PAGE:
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Pepper Spray the New Intermediate Force?

Where does your non-lethal pepper spray (OC) fit into your use of force policies? If you haven’t reviewed this in the last six months you should be doing it right now. The United States Court of Appeals for the 9th Circuit has recently redefined for you when pepper spray (OC)  can be used.

In the case of Mark Young v. The County of Los Angeles Mr. Young was stopped for a traffic violation. He presented his requested documents and got out of his pick-up truck. The deputy (Wells) ordered Mr. Young back into his truck and Mr. Young refused. He sat down on the curb and started eating vegetables from a bag. The deputy walked up behind the suspect and sprayed him with OC. The deputy continued to pepper spray Young as he rose to his feet and attempted to back away from the pepper spray. Young protested, repeatedly telling the deputy, “I’m an officer of the law.” Young asserts that the deputy responded to his protests by drawing his baton, striking him a number of times with it, and ordering him to get on the ground. The suspect was arrested and placed in a patrol car when cover arrived.

The Ninth Circuit has stated:

“Both pepper spray (OC) and baton blows are forms of force capable of inflicting significant pain and causing serious injury. As such, both are regarded as “intermediate force” that, while less severe than deadly force, nonetheless present a significant intrusion upon an individual’s liberty interests.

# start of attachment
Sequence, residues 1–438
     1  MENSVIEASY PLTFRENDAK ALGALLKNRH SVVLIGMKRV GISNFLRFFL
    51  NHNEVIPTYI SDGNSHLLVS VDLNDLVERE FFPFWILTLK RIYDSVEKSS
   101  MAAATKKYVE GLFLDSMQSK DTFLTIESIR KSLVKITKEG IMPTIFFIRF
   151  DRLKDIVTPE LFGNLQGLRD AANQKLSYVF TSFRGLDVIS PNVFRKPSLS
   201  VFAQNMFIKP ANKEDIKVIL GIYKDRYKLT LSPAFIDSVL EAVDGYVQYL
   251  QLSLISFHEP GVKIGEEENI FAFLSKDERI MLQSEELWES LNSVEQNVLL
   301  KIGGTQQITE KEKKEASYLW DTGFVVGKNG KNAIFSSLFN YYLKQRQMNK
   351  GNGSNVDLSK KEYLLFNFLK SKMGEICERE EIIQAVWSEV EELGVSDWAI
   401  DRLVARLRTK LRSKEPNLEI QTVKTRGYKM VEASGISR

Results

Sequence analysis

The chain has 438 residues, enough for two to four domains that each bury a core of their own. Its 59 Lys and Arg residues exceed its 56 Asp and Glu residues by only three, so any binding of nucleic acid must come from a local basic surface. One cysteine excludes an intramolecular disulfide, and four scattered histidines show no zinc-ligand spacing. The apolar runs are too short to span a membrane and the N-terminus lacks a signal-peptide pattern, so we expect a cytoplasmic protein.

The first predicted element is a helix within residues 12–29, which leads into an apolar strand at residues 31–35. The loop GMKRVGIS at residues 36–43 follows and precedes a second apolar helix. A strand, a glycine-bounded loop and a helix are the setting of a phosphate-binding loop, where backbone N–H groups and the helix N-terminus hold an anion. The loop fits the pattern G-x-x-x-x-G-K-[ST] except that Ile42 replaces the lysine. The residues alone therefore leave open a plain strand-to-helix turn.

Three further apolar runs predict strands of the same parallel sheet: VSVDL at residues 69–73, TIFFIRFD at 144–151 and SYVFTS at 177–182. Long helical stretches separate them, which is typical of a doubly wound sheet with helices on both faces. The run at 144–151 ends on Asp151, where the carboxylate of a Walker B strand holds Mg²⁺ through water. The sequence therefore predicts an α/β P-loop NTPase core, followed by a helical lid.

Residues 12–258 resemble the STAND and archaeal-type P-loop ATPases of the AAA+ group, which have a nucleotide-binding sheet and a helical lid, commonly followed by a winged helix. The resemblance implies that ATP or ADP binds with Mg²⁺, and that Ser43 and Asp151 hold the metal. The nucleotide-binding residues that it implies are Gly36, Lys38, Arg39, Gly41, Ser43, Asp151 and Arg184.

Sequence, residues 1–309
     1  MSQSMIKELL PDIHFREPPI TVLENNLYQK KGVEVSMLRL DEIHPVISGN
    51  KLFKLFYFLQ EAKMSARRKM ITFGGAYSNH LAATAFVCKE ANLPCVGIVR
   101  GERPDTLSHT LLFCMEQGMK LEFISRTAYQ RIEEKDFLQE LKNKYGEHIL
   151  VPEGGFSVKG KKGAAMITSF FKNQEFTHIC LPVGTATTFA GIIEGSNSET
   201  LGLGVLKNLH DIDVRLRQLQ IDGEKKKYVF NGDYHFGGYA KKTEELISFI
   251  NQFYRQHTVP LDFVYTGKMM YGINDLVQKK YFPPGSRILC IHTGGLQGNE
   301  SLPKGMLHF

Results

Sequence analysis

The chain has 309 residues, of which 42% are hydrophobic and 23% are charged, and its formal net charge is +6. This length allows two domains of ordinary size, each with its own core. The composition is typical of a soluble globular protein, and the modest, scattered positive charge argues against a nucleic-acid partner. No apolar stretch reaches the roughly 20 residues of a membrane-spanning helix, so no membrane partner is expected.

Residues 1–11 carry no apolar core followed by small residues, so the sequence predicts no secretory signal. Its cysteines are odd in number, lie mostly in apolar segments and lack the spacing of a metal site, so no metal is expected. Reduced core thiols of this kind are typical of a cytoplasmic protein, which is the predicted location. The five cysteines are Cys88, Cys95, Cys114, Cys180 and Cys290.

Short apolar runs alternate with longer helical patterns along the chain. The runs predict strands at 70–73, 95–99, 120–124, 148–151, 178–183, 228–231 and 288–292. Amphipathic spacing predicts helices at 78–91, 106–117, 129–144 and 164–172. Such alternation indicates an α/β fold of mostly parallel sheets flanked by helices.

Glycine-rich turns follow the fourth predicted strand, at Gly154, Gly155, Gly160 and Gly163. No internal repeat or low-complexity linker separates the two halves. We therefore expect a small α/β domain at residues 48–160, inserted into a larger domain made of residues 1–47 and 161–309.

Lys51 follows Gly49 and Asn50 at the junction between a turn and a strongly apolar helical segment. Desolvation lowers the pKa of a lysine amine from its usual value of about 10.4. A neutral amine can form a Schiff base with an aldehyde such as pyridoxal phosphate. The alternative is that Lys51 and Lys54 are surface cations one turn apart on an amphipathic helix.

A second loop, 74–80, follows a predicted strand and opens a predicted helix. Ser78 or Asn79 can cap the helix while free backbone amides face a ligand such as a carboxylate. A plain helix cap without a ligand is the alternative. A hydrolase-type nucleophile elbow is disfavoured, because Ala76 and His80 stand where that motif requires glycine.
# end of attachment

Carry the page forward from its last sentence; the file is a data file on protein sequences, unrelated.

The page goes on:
Pepper spray (OC) “is designed to cause intense pain,” and inflicts “a burning sensation that causes mucus to come out of the nose, an involuntary closing of the eyes, a gagging reflex, and temporary paralysis of the larynx,” as well as “disorientation, anxiety, and panic.”

In pepper spraying Young and striking at him multiple times with a baton while landing at least two blows, Wells used a significant amount of two forms of intermediate force known to cause serious pain and to lead in some cases to serious physiological consequences. Whatever such force is ultimately labeled, there is no question that its use against an individual is a sufficiently serious intrusion upon liberty that it must be justified by a commensurately serious state interest.

Our conclusion (9th Circuit) comports with the logical notion that it is rarely necessary, if ever, for a police officer to employ substantial force without warning against an individual who is suspected only of minor offenses, is not resisting arrest, and, most important, does not pose any apparent threat to officer or public safety. Indeed, we have found the use of pepper spray (OC) to be excessive in such circumstances even when a warning was provided. Headwaters Forest Defense v. County of Humboldt, 276 F.3d 1125, 1129-30 (9th Cir. 2002)”

Click here for the full opinion

There can be many interpretations of this ruling. However, the court is clear in stating that they believe pepper spray is an intermediate force option. In their conclusion they state that if a suspect in not resisting arrest, is engaging in a minor offense and does not pose any apparent threat to you or the public’s safety the use of your pepper spray (OC)  is excessive.

The case of Headwaters Forest Defense v. The County of Humboldt was a case where Sheriff’s deputies used pepper spray (OC) on protesters in an attempt to get them to release their locked arms out of metal sleeves that formed an unbroken circle. The same court in that case ruled that pepper spray (OC) should not be used on non-violent protesters as a means of pain compliance. The case was exacerbated by worldwide television coverage of a deputy applying OC to a protester with a Q-tip.

You would be wise to have your department’s legal representative review your policy along with this case and perhaps issue a training bulletin based on the ruling. The training bulletin should address how and when will you use your pepper spray (OC) in the future?








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